I received a PlayStation 4 Pro for Christmas, taking a glorious step into a high definition world that I’ve sometimes felt guilty about wanting to enjoy. Sitting down to set up the console this afternoon, I was filled with apprehension. Would all my data transfer over? What about that copy of P.T. I had on my hard drive? Turns out the process was surprisingly painless and I was being a total wimp about the process.

The PlayStation 4 Pro was, apparently, a gift from my family dog Kevin. I’m not picky when it comes to framerates or resolutions, but the idea of having smooth gameplay and colorful features like high dynamic range—which can bolster the colors you can see in a game provided you have the proper monitor—was compelling. I need to play a lot of games for work, so I might as well have a quality experience. I was thankful for the gift but nervous about transferring my data.

To transfer data between two PlayStation 4’s all you need is enough LAN cables to connect both to your local network. It took little more than a minute to wire both of my consoles up, which led my shiny PS4 Pro to automatically detect the system and transfer over all my data. The process took about an hour and a half. I’d kept certain games on my drive intentionally, including P.T, the Hideo Kojima/Guillermo del Toro Silent Hills teaser that Konami delisted from the PlayStation Network in 2015.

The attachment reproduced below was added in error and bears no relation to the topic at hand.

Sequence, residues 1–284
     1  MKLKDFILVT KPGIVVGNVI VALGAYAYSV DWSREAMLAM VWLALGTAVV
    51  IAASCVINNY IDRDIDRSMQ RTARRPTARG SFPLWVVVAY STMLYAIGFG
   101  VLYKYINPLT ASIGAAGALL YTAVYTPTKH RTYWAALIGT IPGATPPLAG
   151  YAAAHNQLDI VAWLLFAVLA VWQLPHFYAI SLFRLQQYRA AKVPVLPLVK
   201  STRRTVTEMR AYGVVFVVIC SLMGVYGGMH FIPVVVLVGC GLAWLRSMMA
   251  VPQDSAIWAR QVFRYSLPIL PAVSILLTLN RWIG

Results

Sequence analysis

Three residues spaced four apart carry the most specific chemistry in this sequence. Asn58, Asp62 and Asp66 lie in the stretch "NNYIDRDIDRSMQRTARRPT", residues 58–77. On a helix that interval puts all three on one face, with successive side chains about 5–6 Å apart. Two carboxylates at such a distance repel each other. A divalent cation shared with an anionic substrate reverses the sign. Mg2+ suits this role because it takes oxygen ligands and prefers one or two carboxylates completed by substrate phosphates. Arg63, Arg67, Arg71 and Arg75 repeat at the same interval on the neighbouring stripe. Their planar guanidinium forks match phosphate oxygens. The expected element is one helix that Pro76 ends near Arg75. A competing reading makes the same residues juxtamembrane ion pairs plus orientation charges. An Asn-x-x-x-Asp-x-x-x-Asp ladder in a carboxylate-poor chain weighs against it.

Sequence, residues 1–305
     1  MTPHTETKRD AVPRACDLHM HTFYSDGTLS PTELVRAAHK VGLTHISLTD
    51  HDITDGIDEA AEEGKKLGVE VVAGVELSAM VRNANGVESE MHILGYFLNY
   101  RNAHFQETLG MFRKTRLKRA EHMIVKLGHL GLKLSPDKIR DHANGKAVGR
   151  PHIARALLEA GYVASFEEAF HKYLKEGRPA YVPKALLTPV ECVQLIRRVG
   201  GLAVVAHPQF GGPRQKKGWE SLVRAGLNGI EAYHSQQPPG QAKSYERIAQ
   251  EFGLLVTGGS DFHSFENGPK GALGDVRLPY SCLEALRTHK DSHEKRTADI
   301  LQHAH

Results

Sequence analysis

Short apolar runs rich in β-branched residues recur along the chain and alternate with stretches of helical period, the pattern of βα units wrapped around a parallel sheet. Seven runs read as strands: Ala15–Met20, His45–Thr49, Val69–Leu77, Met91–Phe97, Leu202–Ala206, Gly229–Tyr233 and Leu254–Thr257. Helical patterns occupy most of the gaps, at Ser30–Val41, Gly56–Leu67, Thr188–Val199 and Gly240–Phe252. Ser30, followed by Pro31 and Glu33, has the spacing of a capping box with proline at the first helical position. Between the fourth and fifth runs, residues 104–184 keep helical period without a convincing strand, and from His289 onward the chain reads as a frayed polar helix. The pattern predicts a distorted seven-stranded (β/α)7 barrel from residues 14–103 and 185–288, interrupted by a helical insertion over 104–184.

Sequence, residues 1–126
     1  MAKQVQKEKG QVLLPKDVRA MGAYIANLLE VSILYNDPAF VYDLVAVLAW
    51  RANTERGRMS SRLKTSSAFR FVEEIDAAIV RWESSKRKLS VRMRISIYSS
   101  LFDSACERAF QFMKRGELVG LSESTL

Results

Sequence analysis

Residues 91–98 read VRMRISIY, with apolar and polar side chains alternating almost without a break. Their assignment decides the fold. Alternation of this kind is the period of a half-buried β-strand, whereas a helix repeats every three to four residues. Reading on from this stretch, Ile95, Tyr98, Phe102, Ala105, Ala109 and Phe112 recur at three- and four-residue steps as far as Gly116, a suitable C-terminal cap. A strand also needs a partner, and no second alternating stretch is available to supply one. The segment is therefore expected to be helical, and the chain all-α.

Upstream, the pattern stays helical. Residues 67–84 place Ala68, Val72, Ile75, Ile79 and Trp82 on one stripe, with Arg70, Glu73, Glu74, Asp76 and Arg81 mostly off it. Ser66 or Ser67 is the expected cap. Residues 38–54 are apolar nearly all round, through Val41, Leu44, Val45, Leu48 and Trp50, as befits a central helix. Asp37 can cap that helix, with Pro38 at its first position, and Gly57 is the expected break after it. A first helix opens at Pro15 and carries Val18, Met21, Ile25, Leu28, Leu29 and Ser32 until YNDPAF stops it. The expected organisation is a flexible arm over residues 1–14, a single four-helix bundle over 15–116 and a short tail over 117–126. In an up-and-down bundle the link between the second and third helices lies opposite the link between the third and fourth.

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I’m actually surprised everything transferred over. As Microsoft picks up steam with programs like Game Pass, Sony’s approach to online infrastructure can seem a few steps behind the competition. I half expected some type of middleman service for uploading a suite full of saved data, but found I literally had to plug the PS4 Pro in and that was about it. It was a welcome surprise that’s given me an excuse to dive back into games like Red Dead Redemption 2 or yet another playthrough of Tetris Effect. So if you’re nervous like I was, I’m here to say that there’s nothing to worry about. Upgrading was quick, painless, and now I get to walk around saying things like “Woah, Red Dead 2 in 4K owns, man.”